11:51 am: Fire is under control, according to Seattle Fire. No other boats were involved in the fire. Fire crews are beginning to wind down operations.
Earlier: Seattle Fire has responded on land and water for a “fully involved” boat fire at Shilshole Marina on Seaview.
According to the scanner, it’s a 30-foot pleasure boat on the “P” dock, and the fire appears to be contained to the boat itself.
20 thoughts to “Boat fire at Shilshole Marina”
how in the world would a boat catch on fire during the rain we’ve been having?
That was a stupid comment.
The live aboard boats at the marina have electrical hookups, propane tanks and gas or diesel, so maybe one of those?
Don’t feed the troll
Great question Captain Obvious. I have another for you: how can there be so many homeless when we’ve already spent BILLIONS to end it?
I assume you were going for humor. You didn’t make it that far.
boat fires start from the inside and a 30′ boat would be covered
The fire on December 20th was NOT on a liveaboard vessel. In fact, the fire was put out very quickly by the Seattle Fire Department BECAUSE a liveaboard called 9-1-1 and reported it after the first explosion. Yes, I said explosion.
To your point, Dudeist, all of the boats at the marina have electrical hook-ups, not all use propane or other gases under pressure, and, yes, even the sailboats have gas or diesel on board. First, a chemistry lesson, diesel does not generally explode outside of a diesel engine (it’s a compressive explosion, not an internal combustion process that uses gasoline), so the presence of diesel on a boat is generally not a hazard. Lucky Duck had a gasoline engine. My point being, a boat hooked up to shore power is not itself a hazard, either. All shorepower connections are on circuit breakers, so it’s the stray electrical short on the boat that poses a hazard–just like all of the houses where non-liveaboards reside. There are more home fires caused by electrical shorts igniting flammable materials every year on shoreside homes than there are boat fires.
Liveaboards are just like you, but with the roof underneath. Liveaboards look out for each other. There are liveaboard families with children living at SBM, and older folks on fixed incomes, too. We should all be thankful that no one was aboard the (not so) Lucky Duck when this happened, rather than casting blame on hard-working, responsible vessel owners..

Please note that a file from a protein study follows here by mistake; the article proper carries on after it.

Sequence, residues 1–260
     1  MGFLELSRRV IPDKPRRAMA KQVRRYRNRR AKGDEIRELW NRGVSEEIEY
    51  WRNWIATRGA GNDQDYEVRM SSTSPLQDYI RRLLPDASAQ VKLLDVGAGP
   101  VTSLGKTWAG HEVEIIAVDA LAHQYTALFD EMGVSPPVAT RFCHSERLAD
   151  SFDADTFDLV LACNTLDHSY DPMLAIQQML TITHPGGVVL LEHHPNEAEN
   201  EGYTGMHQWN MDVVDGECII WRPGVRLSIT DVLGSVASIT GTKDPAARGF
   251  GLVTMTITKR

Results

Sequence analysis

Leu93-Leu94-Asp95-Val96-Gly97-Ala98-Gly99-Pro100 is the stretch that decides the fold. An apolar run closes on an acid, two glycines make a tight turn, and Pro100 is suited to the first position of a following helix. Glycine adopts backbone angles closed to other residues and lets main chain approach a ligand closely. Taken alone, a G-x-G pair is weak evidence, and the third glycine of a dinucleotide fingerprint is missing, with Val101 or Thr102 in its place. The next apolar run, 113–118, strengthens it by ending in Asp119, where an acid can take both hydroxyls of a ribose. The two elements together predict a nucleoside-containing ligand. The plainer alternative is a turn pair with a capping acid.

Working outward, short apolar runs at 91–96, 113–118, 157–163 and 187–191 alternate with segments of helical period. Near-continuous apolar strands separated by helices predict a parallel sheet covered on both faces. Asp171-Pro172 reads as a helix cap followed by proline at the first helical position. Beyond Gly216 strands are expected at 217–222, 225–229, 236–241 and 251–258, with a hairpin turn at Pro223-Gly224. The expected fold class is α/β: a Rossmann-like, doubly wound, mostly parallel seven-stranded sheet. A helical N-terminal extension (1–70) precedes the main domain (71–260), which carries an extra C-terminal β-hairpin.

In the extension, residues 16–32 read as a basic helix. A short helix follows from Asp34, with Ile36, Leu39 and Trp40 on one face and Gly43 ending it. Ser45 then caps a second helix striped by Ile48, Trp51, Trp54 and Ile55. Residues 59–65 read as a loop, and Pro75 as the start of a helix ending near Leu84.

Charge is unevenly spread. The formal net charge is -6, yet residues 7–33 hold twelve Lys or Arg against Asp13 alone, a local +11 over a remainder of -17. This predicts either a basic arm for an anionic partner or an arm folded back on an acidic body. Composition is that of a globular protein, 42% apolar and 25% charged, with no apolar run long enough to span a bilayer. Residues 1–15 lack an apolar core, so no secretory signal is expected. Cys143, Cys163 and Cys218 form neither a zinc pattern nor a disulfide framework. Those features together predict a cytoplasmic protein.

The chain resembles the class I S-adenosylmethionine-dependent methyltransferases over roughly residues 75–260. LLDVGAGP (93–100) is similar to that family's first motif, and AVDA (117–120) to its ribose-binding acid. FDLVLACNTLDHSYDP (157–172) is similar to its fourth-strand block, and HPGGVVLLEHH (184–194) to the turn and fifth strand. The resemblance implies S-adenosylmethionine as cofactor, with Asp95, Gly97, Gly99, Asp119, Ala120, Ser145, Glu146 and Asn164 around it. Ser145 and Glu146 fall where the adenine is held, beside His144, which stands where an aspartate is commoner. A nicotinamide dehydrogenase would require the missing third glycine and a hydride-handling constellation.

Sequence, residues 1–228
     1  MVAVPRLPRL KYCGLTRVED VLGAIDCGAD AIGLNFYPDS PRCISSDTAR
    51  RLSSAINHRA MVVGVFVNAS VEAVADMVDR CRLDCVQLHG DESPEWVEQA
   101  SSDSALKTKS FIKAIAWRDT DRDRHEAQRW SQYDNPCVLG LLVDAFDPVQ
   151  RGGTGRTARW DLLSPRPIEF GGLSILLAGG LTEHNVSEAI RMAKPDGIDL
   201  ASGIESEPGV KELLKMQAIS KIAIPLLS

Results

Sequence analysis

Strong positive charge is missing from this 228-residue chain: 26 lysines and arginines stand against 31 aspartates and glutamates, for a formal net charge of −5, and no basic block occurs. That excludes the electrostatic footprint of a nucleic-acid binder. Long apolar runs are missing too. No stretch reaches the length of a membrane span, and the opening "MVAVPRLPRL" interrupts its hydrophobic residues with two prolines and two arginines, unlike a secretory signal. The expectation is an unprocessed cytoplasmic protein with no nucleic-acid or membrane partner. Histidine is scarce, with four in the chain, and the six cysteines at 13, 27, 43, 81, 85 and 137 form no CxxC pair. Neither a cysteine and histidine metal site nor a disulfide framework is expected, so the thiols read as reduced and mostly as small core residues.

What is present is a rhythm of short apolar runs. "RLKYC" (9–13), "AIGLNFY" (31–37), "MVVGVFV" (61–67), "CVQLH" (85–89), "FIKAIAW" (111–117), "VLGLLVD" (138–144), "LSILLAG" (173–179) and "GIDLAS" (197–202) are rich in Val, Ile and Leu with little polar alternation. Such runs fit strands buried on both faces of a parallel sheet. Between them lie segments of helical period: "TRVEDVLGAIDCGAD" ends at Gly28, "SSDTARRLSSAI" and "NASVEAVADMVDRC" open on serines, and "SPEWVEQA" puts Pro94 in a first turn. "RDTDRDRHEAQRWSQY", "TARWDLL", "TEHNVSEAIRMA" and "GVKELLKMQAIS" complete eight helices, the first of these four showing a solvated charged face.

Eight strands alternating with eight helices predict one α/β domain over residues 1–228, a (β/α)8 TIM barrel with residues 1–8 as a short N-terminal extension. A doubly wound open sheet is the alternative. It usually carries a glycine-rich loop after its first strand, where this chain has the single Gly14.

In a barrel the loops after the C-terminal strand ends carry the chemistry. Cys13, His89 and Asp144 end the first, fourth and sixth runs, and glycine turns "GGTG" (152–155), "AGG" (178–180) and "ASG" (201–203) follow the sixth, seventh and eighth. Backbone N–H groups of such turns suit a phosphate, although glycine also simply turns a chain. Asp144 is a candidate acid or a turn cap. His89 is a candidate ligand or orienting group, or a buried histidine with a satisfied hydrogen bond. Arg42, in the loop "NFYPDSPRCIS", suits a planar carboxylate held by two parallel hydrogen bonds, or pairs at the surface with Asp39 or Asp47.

Comin’ in hot! What comment provoked this defensive tirade?
Why don’t you get on 16, you can try calling Gail in person… at least she shared her contact info….
It’s pretty clear here, there’s a lot of ignorance about the maritime industry and boats in general…. pretty sad for people to live in Ballard. I guess for these, just the image of being associated with boats is more important than the real thing… posers.
By the way, my guess on this boat fire is overheated bilge pump from continuous running with all the rain.
I prefer 69
with a family member?
Your guess is one good possibility, neighborhood. Another possibility that someone offered was a space heater, left unattended or overheating its circuit. Once a fire starts on a fiberglass boat, all it takes is a breach in the fuel line to cause this kind of damage.
Just tired of having to defend the liveaboard lifestyle, I suppose. The first supposition about the cause pointed directly at liveaboards, when we are far less likely to have such a problem. Facts are important.
you made this up, silly
Accurate. I think the defensiveness stems from generally negative views about liveaboards (blamed for fires, etc). The negative assumptions threaten the ability to liveabord, as Marinas raise fees and limit numbers, beyond even what state requirements are (which themselves have become more restrictive).
Whereas, having people, knowledgeable about boat hazards living at the marina saves lives. Liveaboards commonly come across emergencies before random security patrols do. They call 911 when fires start, secure boats coming loose of their mooring lines in storms, and hear the screams for help from people who fall in the water. My ex-wife heard the fading plaintiff pleas for help from a woman who had fallen over and was tangled in a line. She was going under. It was winter, and she would have died.
There are more boat fires on unattended boats because people leave heaters running to keep the boat dry and mildew free. There are many times more unattended boats than liveaboards in any marina.
Liveaboards a little sensitive about any story or inaccurate assumptions that ultimately threaten this way of living. A way of living that a Bainbridge Island study on low income housing described as the most affordable option. A way that should be expanded, not contracted.
In my opinion.
DARQMARK – I don’t think anyone here is blaming people who live on a boat for the fire. The camaraderie at most marinas is well known and admired by many.
Thanks, DarqMark. Yes, I reacted to the apparent reaction that this was caused by a liveaboard. You have more thoughtfully expressed my position.
Gail – I don’t think anyone is blaming liveaboards!
Just answering a question, I was.
Thank you for your clarification, Dudeist. I hope you can see, though, that when you premised your hypothetical cause of the fire with “live aboard boats,” it implied that non-liveaboard boats did not have fuel, etc., on board. This suggest, perhaps unintentionally, that a liveaboard was the cause. I probably take this too personally, as well, but DARQMARK did a far better job than me in explaining why.